What is Big Think?  

We are Big Idea Hunters…

We live in a time of information abundance, which far too many of us see as information overload. With the sum total of human knowledge, past and present, at our fingertips, we’re faced with a crisis of attention: which ideas should we engage with, and why? Big Think is an evolving roadmap to the best thinking on the planet — the ideas that can help you think flexibly and act decisively in a multivariate world.

A word about Big Ideas and Themes — The architecture of Big Think

Big ideas are lenses for envisioning the future. Every article and video on bigthink.com and on our learning platforms is based on an emerging “big idea” that is significant, widely relevant, and actionable. We’re sifting the noise for the questions and insights that have the power to change all of our lives, for decades to come. For example, reverse-engineering is a big idea in that the concept is increasingly useful across multiple disciplines, from education to nanotechnology.

Themes are the seven broad umbrellas under which we organize the hundreds of big ideas that populate Big Think. They include New World Order, Earth and Beyond, 21st Century Living, Going Mental, Extreme Biology, Power and Influence, and Inventing the Future.

Big Think Features:

12,000+ Expert Videos


Browse videos featuring experts across a wide range of disciplines, from personal health to business leadership to neuroscience.

Watch videos

World Renowned Bloggers


Big Think’s contributors offer expert analysis of the big ideas behind the news.

Go to blogs

Big Think Edge


Big Think’s Edge learning platform for career mentorship and professional development provides engaging and actionable courses delivered by the people who are shaping our future.

Find out more

Was Julia Roberts the Wrong Actress for Eat, Pray, Love?

August 16, 2010, 12:53 PM

The opening weekend of Eat, Pray, Love is being billed as a success, earning $23 million and second only to Sly Stallone's action ensemble The Expendables at $35 million.  Not surprisingly, more than 70% of the audience for EPL were women and movie marketers expect a long run for the film into the fall since women are less likely than men to rush out to see a movie on opening weekend.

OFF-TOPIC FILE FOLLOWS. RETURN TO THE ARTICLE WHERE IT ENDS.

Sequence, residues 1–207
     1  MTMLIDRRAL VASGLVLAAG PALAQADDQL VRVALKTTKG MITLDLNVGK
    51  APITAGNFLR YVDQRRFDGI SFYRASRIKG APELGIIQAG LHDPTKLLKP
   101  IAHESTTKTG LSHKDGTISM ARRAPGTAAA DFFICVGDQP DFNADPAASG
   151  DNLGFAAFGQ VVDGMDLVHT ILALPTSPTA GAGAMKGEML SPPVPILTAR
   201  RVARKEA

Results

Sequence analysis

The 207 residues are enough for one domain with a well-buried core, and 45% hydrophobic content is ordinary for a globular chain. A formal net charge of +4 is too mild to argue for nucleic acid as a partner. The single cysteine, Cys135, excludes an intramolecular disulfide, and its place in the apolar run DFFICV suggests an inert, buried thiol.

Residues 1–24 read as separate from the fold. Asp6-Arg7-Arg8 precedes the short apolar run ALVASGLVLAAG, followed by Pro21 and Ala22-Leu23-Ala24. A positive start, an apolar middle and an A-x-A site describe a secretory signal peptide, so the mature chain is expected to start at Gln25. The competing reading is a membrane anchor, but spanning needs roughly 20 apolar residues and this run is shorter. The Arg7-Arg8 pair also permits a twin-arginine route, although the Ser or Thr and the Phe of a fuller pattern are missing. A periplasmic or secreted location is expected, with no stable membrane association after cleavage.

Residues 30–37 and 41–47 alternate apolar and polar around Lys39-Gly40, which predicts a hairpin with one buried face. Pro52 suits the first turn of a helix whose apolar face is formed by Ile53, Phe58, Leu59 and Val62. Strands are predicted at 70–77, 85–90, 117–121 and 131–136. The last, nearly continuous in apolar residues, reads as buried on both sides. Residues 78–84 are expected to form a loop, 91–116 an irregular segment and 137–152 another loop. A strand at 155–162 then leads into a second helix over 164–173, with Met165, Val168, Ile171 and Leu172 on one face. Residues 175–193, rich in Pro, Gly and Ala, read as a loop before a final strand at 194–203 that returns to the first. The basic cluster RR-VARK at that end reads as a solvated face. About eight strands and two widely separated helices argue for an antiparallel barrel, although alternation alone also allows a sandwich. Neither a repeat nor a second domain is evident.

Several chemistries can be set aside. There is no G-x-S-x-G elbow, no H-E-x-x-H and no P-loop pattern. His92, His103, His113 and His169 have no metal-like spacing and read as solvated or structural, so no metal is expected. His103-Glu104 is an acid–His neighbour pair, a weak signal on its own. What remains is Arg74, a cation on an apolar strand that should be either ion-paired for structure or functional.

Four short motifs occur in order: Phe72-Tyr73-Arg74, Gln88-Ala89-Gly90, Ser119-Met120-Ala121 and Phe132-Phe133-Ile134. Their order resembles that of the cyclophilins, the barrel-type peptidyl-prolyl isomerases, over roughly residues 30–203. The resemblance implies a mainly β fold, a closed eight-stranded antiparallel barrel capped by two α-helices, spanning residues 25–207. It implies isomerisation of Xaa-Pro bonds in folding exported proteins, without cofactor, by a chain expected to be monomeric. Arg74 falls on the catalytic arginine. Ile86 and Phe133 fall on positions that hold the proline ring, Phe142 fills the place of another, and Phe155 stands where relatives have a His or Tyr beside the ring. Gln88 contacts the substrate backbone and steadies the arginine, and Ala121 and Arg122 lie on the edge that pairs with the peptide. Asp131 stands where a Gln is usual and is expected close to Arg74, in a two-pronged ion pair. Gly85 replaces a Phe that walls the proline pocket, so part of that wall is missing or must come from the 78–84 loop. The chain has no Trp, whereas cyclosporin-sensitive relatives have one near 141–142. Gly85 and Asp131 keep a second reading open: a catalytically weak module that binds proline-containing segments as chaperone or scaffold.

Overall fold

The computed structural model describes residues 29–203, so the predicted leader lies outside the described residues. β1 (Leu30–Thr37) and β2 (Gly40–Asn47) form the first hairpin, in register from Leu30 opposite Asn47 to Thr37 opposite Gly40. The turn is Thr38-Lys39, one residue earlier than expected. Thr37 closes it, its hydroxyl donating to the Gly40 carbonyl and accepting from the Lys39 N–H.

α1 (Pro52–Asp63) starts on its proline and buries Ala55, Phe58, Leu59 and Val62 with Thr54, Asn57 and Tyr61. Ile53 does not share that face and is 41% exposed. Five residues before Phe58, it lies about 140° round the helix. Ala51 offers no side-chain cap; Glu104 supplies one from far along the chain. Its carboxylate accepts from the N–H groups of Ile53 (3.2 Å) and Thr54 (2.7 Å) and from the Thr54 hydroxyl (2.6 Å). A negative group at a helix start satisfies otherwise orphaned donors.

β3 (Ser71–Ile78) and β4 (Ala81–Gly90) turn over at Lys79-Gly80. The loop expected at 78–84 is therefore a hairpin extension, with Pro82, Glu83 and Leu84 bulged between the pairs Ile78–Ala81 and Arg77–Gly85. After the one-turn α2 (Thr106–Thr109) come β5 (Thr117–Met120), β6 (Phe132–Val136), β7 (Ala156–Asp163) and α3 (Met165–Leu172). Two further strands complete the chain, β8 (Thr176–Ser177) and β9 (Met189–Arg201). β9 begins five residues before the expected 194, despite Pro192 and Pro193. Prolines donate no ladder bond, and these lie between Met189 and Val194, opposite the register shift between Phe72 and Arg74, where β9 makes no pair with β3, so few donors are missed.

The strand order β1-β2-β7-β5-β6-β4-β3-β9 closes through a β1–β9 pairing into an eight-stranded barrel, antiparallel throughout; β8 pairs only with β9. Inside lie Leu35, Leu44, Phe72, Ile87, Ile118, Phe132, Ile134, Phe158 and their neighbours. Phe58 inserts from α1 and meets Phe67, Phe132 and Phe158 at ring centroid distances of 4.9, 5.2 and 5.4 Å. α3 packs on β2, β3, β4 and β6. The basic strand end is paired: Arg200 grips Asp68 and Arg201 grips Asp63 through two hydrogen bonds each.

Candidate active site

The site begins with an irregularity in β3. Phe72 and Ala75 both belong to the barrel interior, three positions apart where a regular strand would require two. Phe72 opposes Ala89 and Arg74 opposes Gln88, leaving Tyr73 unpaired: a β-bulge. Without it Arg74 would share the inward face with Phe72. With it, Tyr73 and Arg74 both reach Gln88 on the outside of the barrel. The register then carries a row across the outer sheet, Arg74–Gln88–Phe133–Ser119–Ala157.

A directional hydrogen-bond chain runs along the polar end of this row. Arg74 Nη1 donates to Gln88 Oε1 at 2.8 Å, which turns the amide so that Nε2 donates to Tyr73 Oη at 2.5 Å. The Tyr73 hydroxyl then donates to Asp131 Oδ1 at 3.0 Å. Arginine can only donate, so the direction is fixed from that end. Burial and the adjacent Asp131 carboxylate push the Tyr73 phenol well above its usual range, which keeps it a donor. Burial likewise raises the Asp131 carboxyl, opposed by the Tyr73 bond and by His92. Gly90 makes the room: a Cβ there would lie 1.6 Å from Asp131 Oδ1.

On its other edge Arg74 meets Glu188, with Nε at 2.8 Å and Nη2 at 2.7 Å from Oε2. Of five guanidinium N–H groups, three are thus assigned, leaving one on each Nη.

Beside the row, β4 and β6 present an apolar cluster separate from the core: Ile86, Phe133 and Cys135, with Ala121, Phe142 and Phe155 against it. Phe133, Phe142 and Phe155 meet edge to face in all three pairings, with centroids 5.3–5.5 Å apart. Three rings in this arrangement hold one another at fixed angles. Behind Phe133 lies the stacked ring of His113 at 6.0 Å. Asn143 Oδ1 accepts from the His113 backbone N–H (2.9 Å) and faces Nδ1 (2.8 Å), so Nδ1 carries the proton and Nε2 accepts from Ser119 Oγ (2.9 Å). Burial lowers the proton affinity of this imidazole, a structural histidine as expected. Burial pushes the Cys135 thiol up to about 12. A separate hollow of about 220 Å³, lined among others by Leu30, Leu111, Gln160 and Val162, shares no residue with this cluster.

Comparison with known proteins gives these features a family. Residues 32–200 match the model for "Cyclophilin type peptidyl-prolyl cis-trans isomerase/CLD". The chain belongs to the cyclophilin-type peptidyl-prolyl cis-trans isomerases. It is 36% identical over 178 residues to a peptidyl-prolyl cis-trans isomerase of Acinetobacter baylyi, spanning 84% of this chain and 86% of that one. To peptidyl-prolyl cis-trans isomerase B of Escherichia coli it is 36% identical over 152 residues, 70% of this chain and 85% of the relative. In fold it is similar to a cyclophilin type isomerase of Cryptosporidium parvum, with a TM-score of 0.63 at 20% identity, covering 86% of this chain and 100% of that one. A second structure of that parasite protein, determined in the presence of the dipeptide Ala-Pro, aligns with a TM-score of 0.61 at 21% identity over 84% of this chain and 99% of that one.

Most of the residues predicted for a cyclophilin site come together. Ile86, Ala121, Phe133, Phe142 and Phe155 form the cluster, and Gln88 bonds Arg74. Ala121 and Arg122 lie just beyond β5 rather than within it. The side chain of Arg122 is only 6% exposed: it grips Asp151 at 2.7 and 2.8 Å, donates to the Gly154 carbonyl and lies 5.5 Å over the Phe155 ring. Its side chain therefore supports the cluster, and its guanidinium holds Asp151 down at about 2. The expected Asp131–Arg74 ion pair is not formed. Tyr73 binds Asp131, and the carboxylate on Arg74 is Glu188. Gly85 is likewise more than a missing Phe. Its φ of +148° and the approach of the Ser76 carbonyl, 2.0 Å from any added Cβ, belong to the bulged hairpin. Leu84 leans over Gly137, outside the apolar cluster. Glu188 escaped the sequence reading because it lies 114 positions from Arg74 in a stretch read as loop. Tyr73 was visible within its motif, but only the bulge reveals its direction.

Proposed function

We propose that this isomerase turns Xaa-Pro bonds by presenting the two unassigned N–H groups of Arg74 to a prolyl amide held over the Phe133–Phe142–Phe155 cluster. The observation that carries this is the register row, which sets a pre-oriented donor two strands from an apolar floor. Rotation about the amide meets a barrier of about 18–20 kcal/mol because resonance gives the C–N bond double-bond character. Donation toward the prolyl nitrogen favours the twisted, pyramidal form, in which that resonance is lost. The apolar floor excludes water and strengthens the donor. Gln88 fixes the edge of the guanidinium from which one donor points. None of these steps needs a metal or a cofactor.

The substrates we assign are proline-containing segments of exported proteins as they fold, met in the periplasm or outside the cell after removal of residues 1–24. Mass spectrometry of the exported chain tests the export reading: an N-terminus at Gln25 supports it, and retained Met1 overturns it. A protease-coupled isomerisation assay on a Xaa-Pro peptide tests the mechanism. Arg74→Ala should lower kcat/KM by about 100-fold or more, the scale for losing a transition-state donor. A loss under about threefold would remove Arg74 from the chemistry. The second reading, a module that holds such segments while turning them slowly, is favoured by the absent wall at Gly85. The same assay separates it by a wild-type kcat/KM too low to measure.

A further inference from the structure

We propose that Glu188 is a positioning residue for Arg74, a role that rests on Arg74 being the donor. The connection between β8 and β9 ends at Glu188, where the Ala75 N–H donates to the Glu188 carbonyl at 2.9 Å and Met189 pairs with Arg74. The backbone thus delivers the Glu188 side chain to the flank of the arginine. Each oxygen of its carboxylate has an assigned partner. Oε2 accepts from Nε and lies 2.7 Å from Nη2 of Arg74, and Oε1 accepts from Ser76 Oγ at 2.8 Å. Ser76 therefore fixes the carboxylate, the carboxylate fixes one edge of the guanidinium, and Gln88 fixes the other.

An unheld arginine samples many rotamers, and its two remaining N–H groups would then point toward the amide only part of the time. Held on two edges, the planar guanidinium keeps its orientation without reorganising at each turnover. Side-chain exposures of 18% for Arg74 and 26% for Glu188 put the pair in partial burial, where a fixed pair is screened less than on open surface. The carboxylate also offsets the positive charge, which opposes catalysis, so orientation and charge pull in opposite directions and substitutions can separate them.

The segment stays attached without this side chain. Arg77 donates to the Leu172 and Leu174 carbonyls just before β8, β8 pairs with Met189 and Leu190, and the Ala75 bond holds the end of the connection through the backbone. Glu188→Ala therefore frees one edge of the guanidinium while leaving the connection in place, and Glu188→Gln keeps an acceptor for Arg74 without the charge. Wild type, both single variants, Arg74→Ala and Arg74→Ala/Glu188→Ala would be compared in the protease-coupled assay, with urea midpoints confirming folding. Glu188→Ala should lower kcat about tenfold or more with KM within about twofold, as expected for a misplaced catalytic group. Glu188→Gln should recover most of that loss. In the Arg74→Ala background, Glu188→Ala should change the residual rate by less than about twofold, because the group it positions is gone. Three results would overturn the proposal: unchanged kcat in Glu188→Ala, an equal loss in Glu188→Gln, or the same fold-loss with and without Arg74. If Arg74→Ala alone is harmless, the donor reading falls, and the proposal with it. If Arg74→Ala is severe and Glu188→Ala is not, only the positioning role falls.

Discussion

As Owen Gleiberman at Entertainment Weekly also observes, The Expendables, EPL, and the third opening film Scott Pilgrim, were perfectly timed to open this weekend, targeting the male, female, and youth segments respectively.

Also of interest, the run-up and opening for EPL propelled book sales with 94,000 copies sold since Aug. 1 more than were sold in 2006, the first year of the book's release.

But the success of EPL is not without detractors.  Linda Holmes, at NPR's Monkey See blog, argues that the film leaves out important plot elements of the book.

And I can't help but wonder if the film would have done better with a different actress, especially among young adult women under 35. The talk has been building around this movie here in Washington, DC social circles for at least a month, and a common complaint I hear from female friends is that Julia Roberts just doesn't match their image of the main character.  As one friend puts it: "You expect the main character to look like she enjoys eating.  That's a big part of the book, and Julia Roberts just doesn't look that part."

What do readers think?


Was Julia Roberts the Wrong...

Newsletter: Share: